The emergence of this injury the 20-year-old goes against the literature that presents higher prevalence in the third and fourth decades of life [2,3]. However, cases in younger patients have also been reported [19]. Because of this, the rapid bone growth is also attributed as a risk factor for the OS. This growth spurt occurs in younger stage and growth centers of the bones are the most affected areas, so the higher incidence of this type of injury in metaphyses of long bones [20].

The lesion was considered as primary, as the patient did not have any predisposing factors known in the literature, such as Paget's disease, previous exposure to radiation, fibrous dysplasia [15,16]. And clinically, the tumor was found to be the main type previously described [15]. The aggressiveness of the lesion indicated by its evolutionary history 3-4 months is amazing when evaluated the degree of bone destruction in imaging, however, it is reported by other authors as characteristic of this pathology [15].

Radiographically, the lesion showed mixed with standard osteogenic and osteolytic described as a resultant radiation pattern of fine and irregular bone spicules of new bone tissue, which develop towards the outside of the lesion, producing the so-called "appearance of sun rays" [21,22]. Histologically, these snippets of osteoid tissue, a precursor of bone tissue, are given as distinguishing features of this type of injury.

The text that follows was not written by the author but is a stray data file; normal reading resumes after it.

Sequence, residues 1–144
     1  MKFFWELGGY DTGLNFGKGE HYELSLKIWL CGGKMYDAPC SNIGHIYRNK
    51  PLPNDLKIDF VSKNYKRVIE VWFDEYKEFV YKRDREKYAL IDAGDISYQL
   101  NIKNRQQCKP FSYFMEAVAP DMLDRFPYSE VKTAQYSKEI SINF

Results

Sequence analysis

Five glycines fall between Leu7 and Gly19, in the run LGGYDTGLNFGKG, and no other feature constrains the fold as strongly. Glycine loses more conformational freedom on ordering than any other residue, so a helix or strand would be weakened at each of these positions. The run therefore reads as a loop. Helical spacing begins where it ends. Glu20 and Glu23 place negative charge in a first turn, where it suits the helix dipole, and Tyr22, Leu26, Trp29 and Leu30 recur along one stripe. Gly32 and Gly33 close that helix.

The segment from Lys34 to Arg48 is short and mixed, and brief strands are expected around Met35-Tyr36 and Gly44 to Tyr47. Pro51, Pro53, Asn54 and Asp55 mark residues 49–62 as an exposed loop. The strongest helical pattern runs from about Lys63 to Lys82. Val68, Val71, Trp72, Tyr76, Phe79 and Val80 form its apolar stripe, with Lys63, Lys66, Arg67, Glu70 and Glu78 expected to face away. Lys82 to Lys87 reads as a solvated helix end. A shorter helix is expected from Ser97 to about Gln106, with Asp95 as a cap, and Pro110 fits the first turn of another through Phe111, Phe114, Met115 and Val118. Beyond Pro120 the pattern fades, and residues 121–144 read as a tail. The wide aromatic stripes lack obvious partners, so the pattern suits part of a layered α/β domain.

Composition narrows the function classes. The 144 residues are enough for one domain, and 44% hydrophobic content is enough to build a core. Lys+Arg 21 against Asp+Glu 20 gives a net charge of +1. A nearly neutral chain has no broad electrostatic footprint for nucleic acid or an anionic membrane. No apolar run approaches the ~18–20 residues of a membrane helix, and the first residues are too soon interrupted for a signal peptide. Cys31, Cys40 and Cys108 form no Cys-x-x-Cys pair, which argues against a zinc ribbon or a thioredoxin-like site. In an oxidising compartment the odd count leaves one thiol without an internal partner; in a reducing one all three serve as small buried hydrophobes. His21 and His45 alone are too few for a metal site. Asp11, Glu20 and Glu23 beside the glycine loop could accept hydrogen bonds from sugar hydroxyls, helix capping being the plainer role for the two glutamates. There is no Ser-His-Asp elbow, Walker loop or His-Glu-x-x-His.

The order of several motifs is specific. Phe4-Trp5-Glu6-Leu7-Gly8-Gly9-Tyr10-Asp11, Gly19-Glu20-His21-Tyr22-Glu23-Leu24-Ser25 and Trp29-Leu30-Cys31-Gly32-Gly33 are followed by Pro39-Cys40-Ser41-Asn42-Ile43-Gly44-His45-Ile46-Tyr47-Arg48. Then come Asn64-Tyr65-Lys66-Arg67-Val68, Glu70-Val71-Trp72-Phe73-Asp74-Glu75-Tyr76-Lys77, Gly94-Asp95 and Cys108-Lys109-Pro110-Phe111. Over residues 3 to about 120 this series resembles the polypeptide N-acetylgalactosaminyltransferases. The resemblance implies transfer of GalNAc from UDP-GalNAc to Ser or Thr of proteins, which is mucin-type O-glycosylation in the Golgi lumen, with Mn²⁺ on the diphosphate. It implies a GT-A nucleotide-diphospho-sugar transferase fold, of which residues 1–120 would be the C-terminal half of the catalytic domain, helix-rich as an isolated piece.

Surgical excision margin of safety is the main treatment for OS [23-25] with local recurrence in approximately 60% of patients, usually during the first year after treatment. Survival rates at 5 years are reported average of 43% for OS gnathic [20, 21].

Conclusion

 It concludes that the OS is an aggressive and rare cancer in maxillo-facial region, whose surgical excision is the best treatment, however, with high probability of relapse in the first year.

Conflicts of interest

The authors declare that they have no conflicts of interests.

Acknowledgements

The work was financially supported by Unipos – Postgraduate and Unorp - University Center North Paulista - São José do Rio Preto – SP, Brazil. We also thank the patient who agreed to participate in interviews and to all who contributed to the development and publication of results.